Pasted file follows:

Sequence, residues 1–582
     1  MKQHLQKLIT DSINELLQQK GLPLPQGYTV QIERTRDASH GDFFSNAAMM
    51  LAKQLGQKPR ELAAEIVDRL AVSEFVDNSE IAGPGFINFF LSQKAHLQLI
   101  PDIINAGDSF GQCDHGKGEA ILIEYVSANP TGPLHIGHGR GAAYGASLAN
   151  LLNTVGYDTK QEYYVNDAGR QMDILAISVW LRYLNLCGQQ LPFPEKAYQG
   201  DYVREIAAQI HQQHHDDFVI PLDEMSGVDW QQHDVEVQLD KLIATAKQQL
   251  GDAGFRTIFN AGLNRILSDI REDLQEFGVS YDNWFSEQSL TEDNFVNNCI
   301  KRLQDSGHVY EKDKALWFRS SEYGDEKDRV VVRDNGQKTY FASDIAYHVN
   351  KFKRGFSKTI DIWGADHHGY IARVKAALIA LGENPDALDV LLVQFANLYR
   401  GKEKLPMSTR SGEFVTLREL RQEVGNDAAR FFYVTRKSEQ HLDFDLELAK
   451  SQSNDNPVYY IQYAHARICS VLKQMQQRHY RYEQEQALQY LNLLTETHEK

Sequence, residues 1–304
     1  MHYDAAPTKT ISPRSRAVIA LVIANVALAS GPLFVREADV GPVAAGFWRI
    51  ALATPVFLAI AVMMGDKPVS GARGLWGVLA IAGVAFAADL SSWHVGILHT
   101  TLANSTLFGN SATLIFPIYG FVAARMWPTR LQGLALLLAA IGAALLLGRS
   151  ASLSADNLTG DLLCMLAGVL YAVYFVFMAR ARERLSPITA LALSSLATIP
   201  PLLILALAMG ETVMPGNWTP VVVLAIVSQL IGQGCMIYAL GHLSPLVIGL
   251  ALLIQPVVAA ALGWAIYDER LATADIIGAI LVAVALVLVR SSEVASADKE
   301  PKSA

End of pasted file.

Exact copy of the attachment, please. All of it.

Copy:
Sequence, residues 1–582
     1  MKQHLQKLIT DSINELLQQK GLPLPQGYTV QIERTRDASH GDFFSNAAMM
    51  LAKQLGQKPR ELAAEIVDRL AVSEFVDNSE IAGPGFINFF LSQKAHLQLI
   101  PDIINAGDSF GQCDHGKGEA ILIEYVSANP TGPLHIGHGR GAAYGASLAN
   151  LLNTVGYDTK QEYYVNDAGR QMDILAISVW LRYLNLCGQQ LPFPEKAYQG
   201  DYVREIAAQI HQQHHDDFVI PLDEMSGVDW QQHDVEVQLD KLIATAKQQL
   251  GDAGFRTIFN AGLNRILSDI REDLQEFGVS YDNWFSEQSL TEDNFVNNCI
   301  KRLQDSGHVY EKDKALWFRS SEYGDEKDRV VVRDNGQKTY FASDIAYHVN
   351  KFKRGFSKTI DIWGADHHGY IARVKAALIA LGENPDALDV LLVQFANLYR
   401  GKEKLPMSTR SGEFVTLREL RQEVGNDAAR FFYVTRKSEQ HLDFDLELAK
   451  SQSNDNPVYY IQYAHARICS VLKQMQQRHY RYEQEQALQY LNLLTETHEK

Sequence, residues 1–304
     1  MHYDAAPTKT ISPRSRAVIA LVIANVALAS GPLFVREADV GPVAAGFWRI
    51  ALATPVFLAI AVMMGDKPVS GARGLWGVLA IAGVAFAADL SSWHVGILHT
   101  TLANSTLFGN SATLIFPIYG FVAARMWPTR LQGLALLLAA IGAALLLGRS
   151  ASLSADNLTG DLLCMLAGVL YAVYFVFMAR ARERLSPITA LALSSLATIP
   201  PLLILALAMG ETVMPGNWTP VVVLAIVSQL IGQGCMIYAL GHLSPLVIGL
   251  ALLIQPVVAA ALGWAIYDER LATADIIGAI LVAVALVLVR SSEVASADKE
   301  PKSA